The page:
Following on from the European Court of Justice (ECJ)’s decision in Lock v British Gas Trading Limited (reported in July 2014), the UK Employment Tribunal has confirmed that holiday pay should take into account commission where this forms part of an employee’s “normal remuneration”.
Mr Lock was a sales consultant whose remuneration consisted of approximately 60% commission. When he went on holiday, he was paid his basic salary and the commission from sales that fell due during the holiday period. However, when he returned to work he suffered a reduced income reflecting the fact that he had not secured any sales during the holiday period. Mr Lock’s claim was that the effect of the reduced income on the calculation of future holiday pay was a breach of UK law. The ECJ found that such financial disadvantage might deter an employee from exercising their right to annual leave, which would be contrary to the purpose of EU working time law. As such, the ECJ ruled that holiday pay should take into account commission where this forms part of an employee’s “normal remuneration”. This is consistent with the Employment Appeal Tribunal’s recent decision in the case of Bear Scotland Ltd v Fulton UKEATS/0047/13 (reported in December 2014) which held that regular non-guaranteed overtime should be taken into account when calculating holiday pay.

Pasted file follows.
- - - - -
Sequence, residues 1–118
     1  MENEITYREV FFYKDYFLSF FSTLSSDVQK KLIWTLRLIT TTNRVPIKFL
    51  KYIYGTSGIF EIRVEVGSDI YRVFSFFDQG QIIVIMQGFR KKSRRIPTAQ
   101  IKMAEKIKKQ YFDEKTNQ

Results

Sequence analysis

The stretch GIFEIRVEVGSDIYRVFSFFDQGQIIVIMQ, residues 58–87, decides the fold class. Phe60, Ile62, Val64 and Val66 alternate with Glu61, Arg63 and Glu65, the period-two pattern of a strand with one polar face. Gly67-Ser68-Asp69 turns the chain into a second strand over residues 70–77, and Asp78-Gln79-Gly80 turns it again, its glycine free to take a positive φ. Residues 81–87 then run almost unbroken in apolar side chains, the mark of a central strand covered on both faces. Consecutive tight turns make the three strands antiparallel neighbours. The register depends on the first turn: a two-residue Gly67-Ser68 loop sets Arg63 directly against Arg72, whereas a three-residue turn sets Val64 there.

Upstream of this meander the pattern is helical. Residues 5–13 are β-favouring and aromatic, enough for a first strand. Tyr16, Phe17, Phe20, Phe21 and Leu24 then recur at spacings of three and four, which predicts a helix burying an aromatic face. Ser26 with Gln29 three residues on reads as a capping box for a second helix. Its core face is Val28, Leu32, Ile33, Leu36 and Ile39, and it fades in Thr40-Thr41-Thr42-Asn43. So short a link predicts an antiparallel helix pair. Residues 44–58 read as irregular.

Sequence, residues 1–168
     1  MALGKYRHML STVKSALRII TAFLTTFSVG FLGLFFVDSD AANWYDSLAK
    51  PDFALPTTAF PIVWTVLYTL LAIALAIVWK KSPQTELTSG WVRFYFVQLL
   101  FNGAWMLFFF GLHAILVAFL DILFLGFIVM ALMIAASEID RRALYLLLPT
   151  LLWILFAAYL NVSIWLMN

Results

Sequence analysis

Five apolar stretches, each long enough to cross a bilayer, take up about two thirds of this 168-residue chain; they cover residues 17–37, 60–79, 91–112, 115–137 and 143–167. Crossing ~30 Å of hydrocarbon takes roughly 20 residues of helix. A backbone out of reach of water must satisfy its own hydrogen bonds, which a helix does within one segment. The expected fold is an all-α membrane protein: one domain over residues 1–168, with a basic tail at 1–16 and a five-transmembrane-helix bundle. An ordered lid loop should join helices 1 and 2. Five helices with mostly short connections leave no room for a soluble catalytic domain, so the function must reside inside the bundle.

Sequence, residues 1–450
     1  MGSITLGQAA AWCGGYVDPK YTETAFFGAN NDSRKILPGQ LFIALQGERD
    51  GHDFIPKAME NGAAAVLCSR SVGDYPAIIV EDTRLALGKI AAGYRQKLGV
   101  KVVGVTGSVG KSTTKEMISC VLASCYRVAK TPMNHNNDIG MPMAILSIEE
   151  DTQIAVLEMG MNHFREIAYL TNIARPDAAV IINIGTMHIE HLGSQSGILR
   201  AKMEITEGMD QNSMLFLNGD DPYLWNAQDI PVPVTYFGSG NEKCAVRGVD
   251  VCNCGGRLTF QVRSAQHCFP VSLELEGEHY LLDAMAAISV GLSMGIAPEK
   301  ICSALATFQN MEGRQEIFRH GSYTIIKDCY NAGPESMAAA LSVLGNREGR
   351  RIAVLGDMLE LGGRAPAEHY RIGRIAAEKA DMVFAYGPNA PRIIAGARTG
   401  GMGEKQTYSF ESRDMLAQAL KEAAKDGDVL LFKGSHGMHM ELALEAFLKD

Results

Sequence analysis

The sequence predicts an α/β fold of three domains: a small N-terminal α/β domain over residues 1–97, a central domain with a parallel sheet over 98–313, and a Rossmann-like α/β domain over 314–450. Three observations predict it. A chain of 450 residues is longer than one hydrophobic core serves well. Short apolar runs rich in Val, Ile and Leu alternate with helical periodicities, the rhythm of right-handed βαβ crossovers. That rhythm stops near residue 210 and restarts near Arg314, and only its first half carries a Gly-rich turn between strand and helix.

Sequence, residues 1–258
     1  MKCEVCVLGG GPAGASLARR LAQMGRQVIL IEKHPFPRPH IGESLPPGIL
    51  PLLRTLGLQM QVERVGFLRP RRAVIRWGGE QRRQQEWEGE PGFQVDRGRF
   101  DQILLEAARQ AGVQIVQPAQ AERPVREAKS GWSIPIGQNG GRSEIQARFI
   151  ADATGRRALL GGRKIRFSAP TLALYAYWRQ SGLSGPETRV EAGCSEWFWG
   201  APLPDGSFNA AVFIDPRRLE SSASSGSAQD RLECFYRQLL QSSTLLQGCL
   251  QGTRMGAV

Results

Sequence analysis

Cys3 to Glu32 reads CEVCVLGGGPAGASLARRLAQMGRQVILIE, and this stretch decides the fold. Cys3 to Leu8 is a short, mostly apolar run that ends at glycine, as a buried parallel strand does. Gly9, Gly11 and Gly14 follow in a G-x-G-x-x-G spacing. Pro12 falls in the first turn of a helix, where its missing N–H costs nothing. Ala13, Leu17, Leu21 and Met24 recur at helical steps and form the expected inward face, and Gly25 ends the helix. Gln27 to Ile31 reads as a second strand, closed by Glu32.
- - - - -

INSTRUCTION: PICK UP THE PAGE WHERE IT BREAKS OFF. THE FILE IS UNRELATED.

The consequential issues concerning what is an appropriate reference period and how to quantify the commission element of holiday pay will be addressed at a subsequent stage of the Lock litigation and we will keep you updated in this regard. However, from now on employers would be well advised to ensure that their holiday pay practices reflect these recent decisions.